Archives For donate to Ukraine

I Had a Shower

March 13, 2022 — 3 Comments

Water rarely cascades from our showers but this morning as I stood under the steady flow, shampoo in my hair, a thought washed over me. WAPA, the Virgin Island Water and Power Authority of whom I have written before, might fail us on a regular basis but that is due to … what shall I call it, um…. inefficiency not due to a maniac giving orders to lay siege to a city.

Stand with Ukraine

Mariupol, once a Cossack encampment but granted city status in 1778, is now the tenth largest city in Ukraine, and an important regional hub for higher education, business and industry – over the years being a trading centre for grain, as well as steel and iron works. The Kalmius River flows through the city, which sits beside the Sea of Azov, which in turn connects to the Black Sea then once through the Sea of Marmara to the rest of the world. A chain of seas. All of which makes Mariupol an important city.
The population of nearly 432,000 has, since being secured by Ukrainian troops in June 2014 after the annexation of Crimea in the February and start of the war in Donbas in the April of the same year, been under attack from Russian forces several times.

Any child born there since 2014 has known nothing but the threat of a hovering Russian president desperate to regain the boundaries of the former Union of Soviet Socialist Republics. It is a volatile part of the world that has seen numerous invasions, incursions and ethnic strife since the end of World War II. All terrifying for civilians in the midst of them.

This latest, the result of an aging demagogue desperate to stamp his boots in the history books as the man who redrew the 21st century map of Russia, has united large swathes of the world in a concerted effort to stop the madness. To stop the killing. To stop the horror and destruction.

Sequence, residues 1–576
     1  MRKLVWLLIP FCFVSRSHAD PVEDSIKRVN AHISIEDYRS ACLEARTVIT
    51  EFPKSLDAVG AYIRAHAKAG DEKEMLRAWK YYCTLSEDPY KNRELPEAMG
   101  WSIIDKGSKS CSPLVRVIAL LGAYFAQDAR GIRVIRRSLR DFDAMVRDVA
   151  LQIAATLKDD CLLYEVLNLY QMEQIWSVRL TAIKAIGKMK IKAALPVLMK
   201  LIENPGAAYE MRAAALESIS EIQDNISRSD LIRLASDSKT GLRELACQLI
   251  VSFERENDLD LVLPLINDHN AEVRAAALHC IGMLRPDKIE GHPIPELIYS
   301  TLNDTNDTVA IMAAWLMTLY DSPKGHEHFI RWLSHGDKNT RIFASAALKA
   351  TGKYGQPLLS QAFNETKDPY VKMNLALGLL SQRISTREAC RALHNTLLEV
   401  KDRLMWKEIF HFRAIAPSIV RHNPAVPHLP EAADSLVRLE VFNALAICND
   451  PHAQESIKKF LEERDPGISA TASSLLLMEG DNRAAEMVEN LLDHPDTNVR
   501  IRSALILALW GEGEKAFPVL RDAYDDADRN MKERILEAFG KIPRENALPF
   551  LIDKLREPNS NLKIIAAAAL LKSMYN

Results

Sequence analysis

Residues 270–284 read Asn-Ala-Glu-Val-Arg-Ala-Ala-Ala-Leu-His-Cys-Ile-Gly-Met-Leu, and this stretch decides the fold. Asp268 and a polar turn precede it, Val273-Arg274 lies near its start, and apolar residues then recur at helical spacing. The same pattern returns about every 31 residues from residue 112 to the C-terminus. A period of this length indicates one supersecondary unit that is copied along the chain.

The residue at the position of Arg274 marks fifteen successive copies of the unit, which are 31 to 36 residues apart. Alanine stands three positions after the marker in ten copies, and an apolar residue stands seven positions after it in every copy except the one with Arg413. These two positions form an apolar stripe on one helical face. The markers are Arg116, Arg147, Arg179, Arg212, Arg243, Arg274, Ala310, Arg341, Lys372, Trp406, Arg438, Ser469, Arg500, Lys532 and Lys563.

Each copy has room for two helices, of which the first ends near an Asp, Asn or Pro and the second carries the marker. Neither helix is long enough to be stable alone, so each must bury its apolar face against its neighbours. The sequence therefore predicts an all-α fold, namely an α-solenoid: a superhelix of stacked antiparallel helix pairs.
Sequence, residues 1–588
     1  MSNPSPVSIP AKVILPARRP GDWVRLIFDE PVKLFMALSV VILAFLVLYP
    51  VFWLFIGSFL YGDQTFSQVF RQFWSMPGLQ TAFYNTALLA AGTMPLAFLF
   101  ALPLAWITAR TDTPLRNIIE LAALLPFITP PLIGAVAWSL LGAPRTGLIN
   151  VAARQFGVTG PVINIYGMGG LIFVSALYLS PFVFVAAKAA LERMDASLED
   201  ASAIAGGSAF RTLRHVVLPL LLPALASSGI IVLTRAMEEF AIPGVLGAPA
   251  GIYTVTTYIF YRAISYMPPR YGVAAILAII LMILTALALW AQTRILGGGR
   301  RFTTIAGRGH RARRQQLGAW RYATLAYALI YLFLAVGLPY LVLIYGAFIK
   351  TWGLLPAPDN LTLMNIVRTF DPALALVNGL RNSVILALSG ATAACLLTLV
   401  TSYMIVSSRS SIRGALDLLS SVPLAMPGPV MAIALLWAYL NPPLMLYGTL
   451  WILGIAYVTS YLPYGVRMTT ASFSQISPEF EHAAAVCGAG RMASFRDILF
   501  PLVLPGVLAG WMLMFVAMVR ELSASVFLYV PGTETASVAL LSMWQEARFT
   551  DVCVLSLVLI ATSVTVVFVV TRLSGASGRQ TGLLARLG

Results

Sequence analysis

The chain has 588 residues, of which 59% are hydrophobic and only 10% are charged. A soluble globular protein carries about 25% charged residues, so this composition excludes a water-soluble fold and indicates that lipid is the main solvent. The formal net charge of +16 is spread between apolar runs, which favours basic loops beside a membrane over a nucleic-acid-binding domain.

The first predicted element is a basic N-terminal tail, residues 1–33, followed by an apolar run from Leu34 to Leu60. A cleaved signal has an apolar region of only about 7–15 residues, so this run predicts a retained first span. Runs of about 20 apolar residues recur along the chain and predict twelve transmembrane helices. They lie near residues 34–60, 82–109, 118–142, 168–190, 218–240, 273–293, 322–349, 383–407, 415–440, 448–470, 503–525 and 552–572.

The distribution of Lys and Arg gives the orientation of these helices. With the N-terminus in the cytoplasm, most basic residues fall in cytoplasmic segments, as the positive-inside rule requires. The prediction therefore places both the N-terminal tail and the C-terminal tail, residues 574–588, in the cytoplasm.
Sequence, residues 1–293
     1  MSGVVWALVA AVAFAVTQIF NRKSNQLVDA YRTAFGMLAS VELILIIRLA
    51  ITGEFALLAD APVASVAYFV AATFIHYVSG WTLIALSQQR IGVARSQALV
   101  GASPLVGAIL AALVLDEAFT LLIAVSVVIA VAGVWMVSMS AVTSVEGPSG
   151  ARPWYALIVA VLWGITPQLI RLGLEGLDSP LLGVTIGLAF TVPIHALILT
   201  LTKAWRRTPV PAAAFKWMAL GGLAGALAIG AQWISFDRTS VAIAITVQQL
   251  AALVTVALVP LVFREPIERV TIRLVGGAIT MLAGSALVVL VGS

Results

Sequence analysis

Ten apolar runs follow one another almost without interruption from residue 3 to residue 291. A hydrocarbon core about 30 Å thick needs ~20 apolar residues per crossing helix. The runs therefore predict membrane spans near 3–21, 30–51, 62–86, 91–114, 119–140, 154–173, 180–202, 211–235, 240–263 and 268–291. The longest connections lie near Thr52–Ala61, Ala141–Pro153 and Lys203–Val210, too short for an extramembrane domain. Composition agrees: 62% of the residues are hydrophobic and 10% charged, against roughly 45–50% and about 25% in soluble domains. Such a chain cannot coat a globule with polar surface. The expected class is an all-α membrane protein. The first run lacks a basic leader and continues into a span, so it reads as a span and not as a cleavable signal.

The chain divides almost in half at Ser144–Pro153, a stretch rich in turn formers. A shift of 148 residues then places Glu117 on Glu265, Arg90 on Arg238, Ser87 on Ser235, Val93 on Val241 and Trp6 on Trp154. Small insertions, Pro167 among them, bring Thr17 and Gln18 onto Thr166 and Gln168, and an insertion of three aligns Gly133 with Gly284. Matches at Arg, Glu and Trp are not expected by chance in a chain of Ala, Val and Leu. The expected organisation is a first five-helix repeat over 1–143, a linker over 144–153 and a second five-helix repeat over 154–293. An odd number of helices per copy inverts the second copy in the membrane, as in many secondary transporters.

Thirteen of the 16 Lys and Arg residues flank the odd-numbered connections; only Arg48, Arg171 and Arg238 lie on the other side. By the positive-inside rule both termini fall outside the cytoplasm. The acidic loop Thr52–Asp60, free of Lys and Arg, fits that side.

Oligarchs like Roman Abramovich, infamous for nefarious dealings as a street trader, a doll-manufacturer, a commodities trader, a serial marriage maker, and famed as the owner of Chelsea Football Club, has been sanctioned. Mr Abramovich repudiates having a close relationship to Vladimir Putin despite being the man purported to have put forward Putin’s name to Boris Yeltsin as a worthy successor to the then Russian president. It is also supposed, as reported in US media, that Mr Abramovich is the bag man for President Putin. A ‘put-in-your-cash-here and take-it-out-there’ financial middleman.

Having assets frozen does I’m sure lessen one’s ability to move around the world, but I can’t help thinking men as canny as Mr Abramovich, and the other oligarchs, have many avenues to their riches.
Riches that will not find their way to assisting Ukrainians on the brink of desperation. Although Michael Grove, Secretary of State for, amongst other things, Housing and Communities, has suggested the possibility of the mansions in London owned by the oligarchs be used to home Ukrainian refugees, which add a pleasing synchronicity to the issue. But these businessmen’s riches will not help those children locked in terror, cringing in basements crying out for warmth, food and water.

If you have wondered how to help Ukraine, the following links could be a good place to start.
The Wolsztyn Experience was started by Howard Jones MBE, a friend of a friend. The company runs steam train experience holidays in Poland and he, and his wife, are now working with local authorities to care for Ukrainian women and children who are seeking safe haven in Poland, by funding safe accommodation for an indefinite period. The company is looking to lease a small hotel, plus other local properties to house displaced families arriving with often only the clothes they are wearing.
www.thewolsztynexperience.ord

Another option is through William Harris, a young man I know who lives in Germany. He is the son of one of my oldest Australian friends and through his digital food distribution company has arranged for trucks to deliver necessary supplies to Ukraine. They are not a charity but have been prompted to put their resources, and resourcefulness, to use because it’s personal – a number of their team are Ukrainian. The community support Will’s company has received has been incredible and, in the first week, they sent 300 tonnes of emergency supplies across the border. Currently they are focusing the money they raise on supplying trucks from their own network to other community drives who get donations but don’t know how to freight the goods into Ukraine.

They are also in touch with a group of doctors in Ukraine who have stressed the dire need for medical supplies and so the company’s next step is to send surgical supplies to bombed hospitals in Kyiv and other cities, or wherever they can get them.
This is the Go Fund Me page for donations.

Mariupol is under siege, Kherson, Kharkiv and Kyiv on the brink, with now it would seem Lviv and other cities in western Ukraine are being brought into Russian sights.

As this invasion drags on, it could be easy to start to glaze over at the humanitarian disaster unfolding, to become immune to the horror of war in Europe. To forget how restorative water can be.

I had a shower, and I won’t forget.